“I also want the women to dress modestly, with decency and propriety, adorning themselves, not with elaborate hairstyles or gold or pearls or expensive clothes, but with good deeds, appropriate for women who profess to worship God.”  (I Timothy 2:9-10)

“Your beauty should not come from outward adornment, such as elaborate hairstyles and the wearing of gold jewelry or fine clothes. Rather, it should be that of your inner self, the unfading beauty of a gentle and quiet spirit, which is of great worth in God’s sight. For this is the way the holy women of the past who put their hope in God used to adorn themselves.”  (I Peter 3:3-5)

What if we had more Moms (or women) that pursued the “unfading beauty of a gentle and quiet spirit“?

We would probably have more daughters (or girls) who dressed modestly and had a healthier perspective on make-up and what it could and should do for them.

And this may not happen until we have more Dads (or men) doing a better job of sharing what is truly important in the females entrusted to us. 

It’s not the cover of the magazine that should get our attention but the content within.   Character, not cosmetics, should turn our heads.   That should be the overwhelming scent in all of our lives.

Banning guns, rocks and apps

snapchatIf you have your finger on the pulse of new technology, you are already familiar with the wildly popular app called Snapchat.  About two months ago a trusted, technologically savvy friend introduced this app to me.  She explained that it was a fun, new way to send pictures to others with the same app.  I did not quite understand how it was different from simply texting a picture to others with my phone.  The way it was explained it to me was that this app has two unique features:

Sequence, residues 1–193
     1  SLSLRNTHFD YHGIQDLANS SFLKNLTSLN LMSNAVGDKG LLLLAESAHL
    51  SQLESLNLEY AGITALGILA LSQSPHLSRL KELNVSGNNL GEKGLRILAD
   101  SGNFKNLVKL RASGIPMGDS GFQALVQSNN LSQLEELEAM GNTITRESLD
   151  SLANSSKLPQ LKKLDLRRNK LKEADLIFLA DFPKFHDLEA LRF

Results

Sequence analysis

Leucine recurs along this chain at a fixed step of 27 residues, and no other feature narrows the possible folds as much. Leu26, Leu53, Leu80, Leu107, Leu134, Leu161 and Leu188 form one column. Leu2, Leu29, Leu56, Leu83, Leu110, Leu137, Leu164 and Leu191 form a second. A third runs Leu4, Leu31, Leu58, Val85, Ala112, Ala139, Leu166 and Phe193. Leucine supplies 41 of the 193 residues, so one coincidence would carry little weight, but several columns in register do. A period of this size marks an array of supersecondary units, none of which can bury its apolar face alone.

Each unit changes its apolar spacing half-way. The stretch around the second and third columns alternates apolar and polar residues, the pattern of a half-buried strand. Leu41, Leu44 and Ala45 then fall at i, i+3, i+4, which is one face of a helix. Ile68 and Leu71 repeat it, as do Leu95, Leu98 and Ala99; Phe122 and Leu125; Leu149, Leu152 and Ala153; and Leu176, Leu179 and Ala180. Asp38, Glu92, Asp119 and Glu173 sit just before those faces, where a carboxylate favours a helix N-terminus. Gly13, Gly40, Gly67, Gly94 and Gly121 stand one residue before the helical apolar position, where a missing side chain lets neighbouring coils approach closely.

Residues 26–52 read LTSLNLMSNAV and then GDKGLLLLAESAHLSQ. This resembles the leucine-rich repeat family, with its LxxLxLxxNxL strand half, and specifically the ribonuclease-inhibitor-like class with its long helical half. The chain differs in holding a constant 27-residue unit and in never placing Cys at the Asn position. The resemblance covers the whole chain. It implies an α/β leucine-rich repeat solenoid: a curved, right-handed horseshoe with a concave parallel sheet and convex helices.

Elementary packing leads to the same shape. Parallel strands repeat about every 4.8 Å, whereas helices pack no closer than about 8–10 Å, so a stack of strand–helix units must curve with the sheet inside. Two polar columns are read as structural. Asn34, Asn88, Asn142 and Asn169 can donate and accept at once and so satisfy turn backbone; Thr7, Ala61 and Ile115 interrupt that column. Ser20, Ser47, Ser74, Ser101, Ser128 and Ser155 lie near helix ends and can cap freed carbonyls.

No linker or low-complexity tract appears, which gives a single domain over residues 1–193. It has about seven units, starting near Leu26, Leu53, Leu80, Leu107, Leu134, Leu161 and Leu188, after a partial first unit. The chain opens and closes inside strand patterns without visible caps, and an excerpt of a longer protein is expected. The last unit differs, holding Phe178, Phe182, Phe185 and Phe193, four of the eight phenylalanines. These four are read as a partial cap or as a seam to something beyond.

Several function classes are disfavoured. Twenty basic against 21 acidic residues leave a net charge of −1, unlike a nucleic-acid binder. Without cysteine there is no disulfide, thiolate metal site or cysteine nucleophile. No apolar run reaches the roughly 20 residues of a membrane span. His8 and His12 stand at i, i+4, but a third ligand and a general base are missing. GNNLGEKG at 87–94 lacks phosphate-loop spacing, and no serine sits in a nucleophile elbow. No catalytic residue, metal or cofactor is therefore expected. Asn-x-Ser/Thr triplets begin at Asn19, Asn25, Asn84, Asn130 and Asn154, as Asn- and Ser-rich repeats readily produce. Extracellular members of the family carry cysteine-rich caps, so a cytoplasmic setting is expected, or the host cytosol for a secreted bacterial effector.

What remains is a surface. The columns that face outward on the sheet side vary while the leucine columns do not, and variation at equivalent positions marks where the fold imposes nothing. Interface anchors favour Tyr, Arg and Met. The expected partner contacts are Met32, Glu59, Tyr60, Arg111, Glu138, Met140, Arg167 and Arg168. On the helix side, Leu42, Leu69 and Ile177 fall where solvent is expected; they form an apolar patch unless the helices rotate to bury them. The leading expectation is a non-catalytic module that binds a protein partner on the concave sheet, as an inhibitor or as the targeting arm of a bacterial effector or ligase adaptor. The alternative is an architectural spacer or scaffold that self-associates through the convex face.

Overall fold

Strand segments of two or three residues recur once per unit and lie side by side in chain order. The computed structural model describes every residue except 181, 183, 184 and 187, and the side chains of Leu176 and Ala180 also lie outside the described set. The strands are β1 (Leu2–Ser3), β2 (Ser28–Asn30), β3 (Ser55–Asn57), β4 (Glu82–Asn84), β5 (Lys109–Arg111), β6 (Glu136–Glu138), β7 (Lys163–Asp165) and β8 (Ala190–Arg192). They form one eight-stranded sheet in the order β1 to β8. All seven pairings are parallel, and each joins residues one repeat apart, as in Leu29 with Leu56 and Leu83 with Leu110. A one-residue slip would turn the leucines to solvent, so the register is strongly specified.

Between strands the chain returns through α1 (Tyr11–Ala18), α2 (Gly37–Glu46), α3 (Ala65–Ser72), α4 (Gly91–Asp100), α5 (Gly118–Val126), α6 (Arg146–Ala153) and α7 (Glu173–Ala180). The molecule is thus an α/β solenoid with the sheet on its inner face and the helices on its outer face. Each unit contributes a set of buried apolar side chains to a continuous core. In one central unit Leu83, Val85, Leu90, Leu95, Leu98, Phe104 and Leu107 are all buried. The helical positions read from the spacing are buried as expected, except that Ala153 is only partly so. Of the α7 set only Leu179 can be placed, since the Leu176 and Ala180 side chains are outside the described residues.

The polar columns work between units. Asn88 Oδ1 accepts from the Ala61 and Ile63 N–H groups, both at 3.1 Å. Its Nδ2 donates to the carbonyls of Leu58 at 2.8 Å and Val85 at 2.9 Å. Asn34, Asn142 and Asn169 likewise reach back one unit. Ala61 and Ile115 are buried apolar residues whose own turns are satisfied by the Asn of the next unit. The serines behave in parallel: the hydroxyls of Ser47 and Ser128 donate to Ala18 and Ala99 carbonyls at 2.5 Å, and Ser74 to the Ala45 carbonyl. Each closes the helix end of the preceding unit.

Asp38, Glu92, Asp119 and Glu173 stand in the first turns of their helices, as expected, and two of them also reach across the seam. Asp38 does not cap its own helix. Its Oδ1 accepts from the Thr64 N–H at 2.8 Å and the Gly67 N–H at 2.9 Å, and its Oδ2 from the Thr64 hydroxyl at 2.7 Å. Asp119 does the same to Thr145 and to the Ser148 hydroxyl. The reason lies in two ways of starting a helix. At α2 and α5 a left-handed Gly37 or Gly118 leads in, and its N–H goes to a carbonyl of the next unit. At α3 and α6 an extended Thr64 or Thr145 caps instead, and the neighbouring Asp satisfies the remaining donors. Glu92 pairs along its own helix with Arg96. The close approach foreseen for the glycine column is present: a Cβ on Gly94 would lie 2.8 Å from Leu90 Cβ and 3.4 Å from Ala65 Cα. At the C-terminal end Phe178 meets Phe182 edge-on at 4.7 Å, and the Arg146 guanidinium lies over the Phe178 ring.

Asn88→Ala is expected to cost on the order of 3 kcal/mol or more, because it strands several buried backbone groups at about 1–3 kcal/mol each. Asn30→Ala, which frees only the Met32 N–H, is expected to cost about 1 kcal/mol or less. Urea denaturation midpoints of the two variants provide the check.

1. The picture you send is only viewable for 10 seconds (maximum).
  2. Immediately after the image is viewed, it is deleted from the app, never to be seen again.

Over the last month, I have dabbled in the world of Snapchat – even enjoying some goofy images with my teenage children, both recent Snapchat members.  

For the last two months, I have been under the assumption that this was just another innocent app created for the promotion of fun and creative communication.  I hadn’t even thought about the dangers of it, until yesterday, when I was in line at a store and noticed the teenager in front of me on the app.   Glancing at his screen, I realized that he was sending something inappropriate to a “friend.”   And then it hit me.  This app is perfect for sexting or being generally inappropriate with other members.  It provides the perfect cover since it can only be viewed for a brief period of time (literally seconds) with the picture being deleted immediately after sending.  Ah, sneaky creators of apps!!   

And then another thought hit me… my kids use this app!  Oh no!!  Even if they are not sending inappropriate images, they can certainly receive one without warning!  

And then another thought hit me… I have to warn others, particularly parents, who may be in the dark about this app’s subtle dangers.  Consider this the Paul Revere of parenting post.  “The Sexters are coming!  The Sexters are coming!”   At first glance, this app seems harmless.  How can a cute little ghost steer you wrong?  This app is not as innocent as we might think.